'She has tons of ideas,' Duggan said. 'It's exciting; it's a lot of fun; it's challenging. Yes, there will be a point where it'll feel like 'Oh my God, what's going on!' ... but the final product always is really strong.'

As I watched Miller direct her cast in an intense scene between Paulina and Leontes, it was almost like observing a conductor working with an orchestra. She approaches the text almost as if it were a musical number, tapping out the beat on a table as the actors speak.

I asked Cole about that.

'There's a lot about the timing in Shakespeare,' she said, 'because it's verse, and how the lines connect up. That scene, in particular, has a lot of lines in iambic pentameter: I'll finish, and Leontes completes the rest of my line, and I'll do the same for him. So it really is important; it's written that way. I cut him off as soon as he speaks, which adds tension.

'It's a constant churning, so you don't want to let it drop. That's the case in most plays, but especially in Shakespeare, because of how he wrote the verse. This is one of his later plays, so the verse is very complicated. He's deliberate with everything.'

While Miller is conscious of the Shakespeare fans, she's more interested in winning over the 'green' audience: playing to the guy in the third row, who is busy texting his girlfriend.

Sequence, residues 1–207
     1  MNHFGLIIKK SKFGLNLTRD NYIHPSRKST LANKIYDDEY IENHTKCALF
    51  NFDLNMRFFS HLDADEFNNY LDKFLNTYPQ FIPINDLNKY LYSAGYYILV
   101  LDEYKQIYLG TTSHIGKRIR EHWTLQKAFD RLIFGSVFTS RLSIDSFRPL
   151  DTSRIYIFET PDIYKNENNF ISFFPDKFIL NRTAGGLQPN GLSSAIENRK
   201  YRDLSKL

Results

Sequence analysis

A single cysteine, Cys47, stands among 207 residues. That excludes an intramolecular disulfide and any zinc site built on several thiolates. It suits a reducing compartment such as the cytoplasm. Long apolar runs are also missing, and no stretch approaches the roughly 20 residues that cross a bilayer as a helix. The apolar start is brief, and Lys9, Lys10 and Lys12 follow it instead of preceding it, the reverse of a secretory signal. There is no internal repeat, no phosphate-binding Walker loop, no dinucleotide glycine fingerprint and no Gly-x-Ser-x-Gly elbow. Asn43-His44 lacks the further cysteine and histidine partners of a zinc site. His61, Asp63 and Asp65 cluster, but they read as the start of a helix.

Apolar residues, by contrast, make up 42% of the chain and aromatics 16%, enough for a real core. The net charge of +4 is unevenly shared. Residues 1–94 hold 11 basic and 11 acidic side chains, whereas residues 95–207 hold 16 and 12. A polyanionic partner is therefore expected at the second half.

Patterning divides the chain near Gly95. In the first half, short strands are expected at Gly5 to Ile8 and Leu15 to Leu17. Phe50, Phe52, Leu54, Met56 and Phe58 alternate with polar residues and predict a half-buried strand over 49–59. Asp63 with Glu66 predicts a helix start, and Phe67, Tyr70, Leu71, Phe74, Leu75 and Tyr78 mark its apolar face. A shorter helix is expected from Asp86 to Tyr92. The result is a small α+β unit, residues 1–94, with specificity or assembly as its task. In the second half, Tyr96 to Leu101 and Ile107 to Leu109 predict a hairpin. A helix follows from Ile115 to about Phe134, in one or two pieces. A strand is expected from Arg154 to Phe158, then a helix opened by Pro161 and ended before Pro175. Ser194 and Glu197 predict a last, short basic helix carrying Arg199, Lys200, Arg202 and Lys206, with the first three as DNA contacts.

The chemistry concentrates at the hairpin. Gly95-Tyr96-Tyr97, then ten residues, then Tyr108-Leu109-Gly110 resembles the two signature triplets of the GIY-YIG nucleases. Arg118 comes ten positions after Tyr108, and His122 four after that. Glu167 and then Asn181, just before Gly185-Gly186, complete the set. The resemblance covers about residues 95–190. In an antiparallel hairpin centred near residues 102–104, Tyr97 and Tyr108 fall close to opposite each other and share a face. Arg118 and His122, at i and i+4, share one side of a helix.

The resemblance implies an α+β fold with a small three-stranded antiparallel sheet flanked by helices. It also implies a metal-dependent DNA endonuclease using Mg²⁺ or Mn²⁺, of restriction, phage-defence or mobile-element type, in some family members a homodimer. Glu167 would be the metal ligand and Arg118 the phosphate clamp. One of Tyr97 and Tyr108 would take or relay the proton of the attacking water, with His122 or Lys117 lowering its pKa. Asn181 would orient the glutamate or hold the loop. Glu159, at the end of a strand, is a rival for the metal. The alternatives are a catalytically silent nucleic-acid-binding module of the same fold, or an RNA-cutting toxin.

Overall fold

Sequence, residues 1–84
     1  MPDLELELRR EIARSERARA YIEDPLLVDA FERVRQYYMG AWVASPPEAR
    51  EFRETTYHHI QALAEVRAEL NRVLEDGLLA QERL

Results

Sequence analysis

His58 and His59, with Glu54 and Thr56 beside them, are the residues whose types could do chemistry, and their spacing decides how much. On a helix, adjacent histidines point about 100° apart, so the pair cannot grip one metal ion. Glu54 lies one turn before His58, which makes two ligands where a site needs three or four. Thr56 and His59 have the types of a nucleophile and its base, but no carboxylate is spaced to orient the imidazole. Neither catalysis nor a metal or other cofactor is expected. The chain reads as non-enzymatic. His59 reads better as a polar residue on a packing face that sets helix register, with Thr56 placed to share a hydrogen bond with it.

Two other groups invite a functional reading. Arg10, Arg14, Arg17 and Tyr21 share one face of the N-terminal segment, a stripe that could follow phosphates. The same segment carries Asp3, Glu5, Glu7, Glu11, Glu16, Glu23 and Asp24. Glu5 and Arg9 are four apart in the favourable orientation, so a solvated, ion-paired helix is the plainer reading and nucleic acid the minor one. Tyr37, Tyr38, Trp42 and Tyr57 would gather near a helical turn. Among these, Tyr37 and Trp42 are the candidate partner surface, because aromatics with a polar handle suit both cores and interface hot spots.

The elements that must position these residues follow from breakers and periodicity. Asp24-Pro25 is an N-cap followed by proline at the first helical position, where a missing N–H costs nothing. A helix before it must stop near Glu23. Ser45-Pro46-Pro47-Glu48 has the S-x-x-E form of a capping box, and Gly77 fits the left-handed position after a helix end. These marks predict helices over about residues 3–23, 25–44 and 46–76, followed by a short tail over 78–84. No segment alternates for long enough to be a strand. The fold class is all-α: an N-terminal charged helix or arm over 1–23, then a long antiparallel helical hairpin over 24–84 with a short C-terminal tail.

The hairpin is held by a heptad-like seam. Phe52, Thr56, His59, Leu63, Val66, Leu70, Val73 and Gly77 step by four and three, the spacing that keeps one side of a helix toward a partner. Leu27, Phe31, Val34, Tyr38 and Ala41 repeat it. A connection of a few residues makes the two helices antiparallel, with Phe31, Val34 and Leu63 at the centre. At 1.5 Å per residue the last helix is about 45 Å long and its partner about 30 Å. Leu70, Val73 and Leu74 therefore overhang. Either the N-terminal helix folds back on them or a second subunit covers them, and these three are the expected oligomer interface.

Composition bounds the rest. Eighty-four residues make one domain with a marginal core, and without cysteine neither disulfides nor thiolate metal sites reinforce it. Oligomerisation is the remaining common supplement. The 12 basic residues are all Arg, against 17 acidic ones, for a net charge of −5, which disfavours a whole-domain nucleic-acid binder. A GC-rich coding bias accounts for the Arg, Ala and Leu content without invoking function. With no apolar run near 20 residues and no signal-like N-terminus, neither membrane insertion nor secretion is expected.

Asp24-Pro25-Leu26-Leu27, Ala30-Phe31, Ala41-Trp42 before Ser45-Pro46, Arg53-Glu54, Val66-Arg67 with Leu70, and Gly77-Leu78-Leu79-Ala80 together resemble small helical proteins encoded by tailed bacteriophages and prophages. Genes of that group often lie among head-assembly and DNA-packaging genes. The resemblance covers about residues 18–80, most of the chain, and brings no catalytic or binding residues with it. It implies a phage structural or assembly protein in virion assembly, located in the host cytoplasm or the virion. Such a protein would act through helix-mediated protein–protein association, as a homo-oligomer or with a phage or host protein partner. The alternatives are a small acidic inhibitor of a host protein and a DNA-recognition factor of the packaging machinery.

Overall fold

'It's actually this huge gift, as a director, to read reviews from the unspoiled fresh eyes of a 19-year-old undergraduate, who's forced to do it because he thought it would be the easy option ... because he didn't get in the English class, and doesn't like writing. I love winning over the scientists; it keeps me on my toes.

'It's all about this audience.'

Thursday, February 05, 2009

Gem of the Ocean

Peggy Shannon, artistic director of the Sacramento Theatre Company, has long had a dream.

She has dreamed of giving Sacramento-area patrons the chance to experience playwright August Wilson's groundbreaking 10-play series, 'The Pittsburgh Cycle,' which chronicles the tragedies and aspirations of African-Americans, decade by decade, through the 20th century.

Shannon finally is seeing her dream come to life: STC has made a commitment to produce the plays, one each year, beginning with 'Gem of the Ocean.' Although this work was written near the end of Wilson's life, it chronologically marks the beginning of the series; 'Gem of the Ocean' is set in 1904, against the legacy of emancipation.

Director Darryl V. Jones' powerful production features stellar performances by everybody in the seven- member cast.